Official Journal of the European Union

L 116/26


of 23 October 2007

on State Aid C 23/06 (ex NN 35/06) which Poland has implemented for steel producer Technologie Buczek Group

(notified under document number C(2007) 5087)

(Only the Polish version is authentic)

(Text with EEA relevance)



Having regard to the Treaty establishing the European Community, and in particular the first subparagraph of Article 88(2) thereof,

Having regard to the Agreement on the European Economic Area, and in particular Article 62(1)(a),

Having regard to Protocol No 8 of the Accession Treaty on the restructuring of the Polish steel industry (1) (hereinafter referred to as ‘Protocol No 8’),

Having called on interested parties to submit their comments pursuant to the provisions cited above (2),




In March 2002 a restructuring programme was presented by Huta Buczek (hereinafter ‘TB-HB’), to the Polish authorities. TB-HB was as of 7 May 2003 renamed Technologie Buczek S.A. (hereinafter ‘TB’).


On 5 November 2002 the Polish Council of Ministers approved the Restructuring and Development Programme for the Polish Iron and Steel Industry until 2006 (hereinafter referred to as ‘the National Restructuring Programme’ or ‘NRP’). This plan essentially allows for State Aid to be awarded to the Polish steel industry for restructuring in the period from 1997 to 2006 of up to PLN 3 387 billion (EUR 846 million) (3).


The NRP was submitted to the EU. On 25 March 2003 it was assessed by the Commission. On this basis the Commission made a proposal for a Council Decision to extend the grace period for the granting of state aid in the Polish steel sector under the Europe Agreement (which initially lasted only until 1997) until Poland’s accession to the EU, subject to the recipients achieving viability by 2006; this was approved by the Council in July 2003 (4).


The EU thus allowed Poland, notwithstanding its rules (5), to grant restructuring aid to the steel industry. This was finally laid down in a Protocol to the Accession Treaty, Protocol No 8 on the restructuring of the Polish steel industry (6). It confirms the acceptance of the award of state aid to eight companies listed in Annex 1 to Protocol No 8, including TB-HB, of not more than PLN 3,387 billion before end-2003.


In order to ensure that the conditions laid down in the Protocol are complied with, Protocol No 8 sets out detailed provisions for implementation and monitoring. One requirement is that Poland has to provide bi-annual monitoring reports, and evaluations were carried out by an independent consultant in 2003, 2004, 2005 and 2006 (7). Company reports for TB were presented in February 2004 and April 2005. They were discussed with the Polish authorities and the recipients and approved by the Commission and the Polish authorities.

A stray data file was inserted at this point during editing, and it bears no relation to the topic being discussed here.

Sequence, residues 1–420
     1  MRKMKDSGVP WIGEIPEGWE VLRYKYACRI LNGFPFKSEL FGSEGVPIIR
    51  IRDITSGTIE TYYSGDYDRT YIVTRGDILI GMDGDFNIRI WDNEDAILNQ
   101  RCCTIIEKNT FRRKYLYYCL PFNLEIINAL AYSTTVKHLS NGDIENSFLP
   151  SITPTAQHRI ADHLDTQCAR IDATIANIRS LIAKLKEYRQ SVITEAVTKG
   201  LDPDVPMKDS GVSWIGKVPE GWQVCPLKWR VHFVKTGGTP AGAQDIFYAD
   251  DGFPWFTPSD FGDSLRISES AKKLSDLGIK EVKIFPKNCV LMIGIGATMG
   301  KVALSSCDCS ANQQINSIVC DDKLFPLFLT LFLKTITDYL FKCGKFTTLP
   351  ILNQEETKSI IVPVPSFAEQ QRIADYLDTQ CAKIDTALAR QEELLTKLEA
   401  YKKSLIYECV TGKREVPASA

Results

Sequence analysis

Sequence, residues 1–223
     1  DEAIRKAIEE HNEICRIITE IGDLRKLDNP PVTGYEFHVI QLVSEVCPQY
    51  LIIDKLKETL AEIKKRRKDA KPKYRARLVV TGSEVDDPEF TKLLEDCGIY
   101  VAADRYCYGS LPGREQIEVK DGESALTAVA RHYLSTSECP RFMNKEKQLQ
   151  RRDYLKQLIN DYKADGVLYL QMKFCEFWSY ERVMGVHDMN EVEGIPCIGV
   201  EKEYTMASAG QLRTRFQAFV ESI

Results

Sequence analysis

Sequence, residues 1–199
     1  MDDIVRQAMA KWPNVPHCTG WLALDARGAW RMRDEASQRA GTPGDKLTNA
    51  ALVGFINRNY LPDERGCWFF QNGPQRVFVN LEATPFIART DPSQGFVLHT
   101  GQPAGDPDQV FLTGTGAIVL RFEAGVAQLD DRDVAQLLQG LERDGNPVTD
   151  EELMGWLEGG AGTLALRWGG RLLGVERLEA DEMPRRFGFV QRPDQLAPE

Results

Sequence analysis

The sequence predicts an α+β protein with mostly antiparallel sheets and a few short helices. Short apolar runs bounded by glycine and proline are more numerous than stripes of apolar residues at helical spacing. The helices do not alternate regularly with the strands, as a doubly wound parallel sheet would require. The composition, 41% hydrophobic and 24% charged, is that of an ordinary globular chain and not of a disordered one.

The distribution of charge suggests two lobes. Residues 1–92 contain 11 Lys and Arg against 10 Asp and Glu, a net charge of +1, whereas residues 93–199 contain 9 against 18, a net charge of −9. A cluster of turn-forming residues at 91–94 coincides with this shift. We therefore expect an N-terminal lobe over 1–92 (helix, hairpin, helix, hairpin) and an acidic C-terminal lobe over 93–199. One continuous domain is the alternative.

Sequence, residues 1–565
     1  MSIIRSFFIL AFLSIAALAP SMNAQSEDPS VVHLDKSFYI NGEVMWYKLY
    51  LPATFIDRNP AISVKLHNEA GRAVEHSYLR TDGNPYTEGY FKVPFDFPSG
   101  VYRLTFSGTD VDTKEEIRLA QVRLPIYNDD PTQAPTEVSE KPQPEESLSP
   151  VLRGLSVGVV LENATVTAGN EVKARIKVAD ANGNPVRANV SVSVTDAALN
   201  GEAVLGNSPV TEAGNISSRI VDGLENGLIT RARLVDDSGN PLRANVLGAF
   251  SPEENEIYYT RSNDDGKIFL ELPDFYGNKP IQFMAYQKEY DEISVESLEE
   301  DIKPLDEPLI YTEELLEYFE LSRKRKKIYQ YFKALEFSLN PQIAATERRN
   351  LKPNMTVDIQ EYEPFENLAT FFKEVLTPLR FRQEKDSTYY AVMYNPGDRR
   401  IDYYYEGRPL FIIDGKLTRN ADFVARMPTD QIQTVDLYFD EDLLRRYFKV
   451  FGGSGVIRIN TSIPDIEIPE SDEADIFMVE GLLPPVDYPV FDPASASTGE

In September 2005 TB modified its IBP (hereinafter referred to as ‘2005 IBP’) and later submitted it to the Commission with a request for approval under point 10 of Protocol No 8. However, the fact that the company modified this plan several times subsequently and has been in liquidation since 2006 made this request redundant.


After the independent evaluation in 2005 indicated that TB had an increasing debt to public creditors and was not achieving viability, the Commission requested additional information from Poland by letters of 29 March 2005, 1 August 2005 and 2 December 2005. Poland replied by letters of 23 June 2005, 28 September 2005 and 14 February 2006.


By letter dated 7 June 2006 the Commission informed Poland that it had decided to initiate the procedure laid down in Article 88(2) of the EC Treaty in respect of the aid.


The Commission Decision to initiate the procedure was published in the Official Journal of the European Union  (8). The Commission invited interested parties to submit their comments on the aid/measure.


The Commission received no comments from third parties.


The Polish authorities replied by letters of 18 September 2006, 2 October 2006 and 20 October 2006. The Commission asked Poland for additional information by letters of 6 November 2006, 18 December 2006 and 15 March 2007. Poland replied by letters of 24 November 2006, 23 January 2007 and 23 May 2007. On 13 December 2006 a meeting took place between the Polish authorities and the Commission.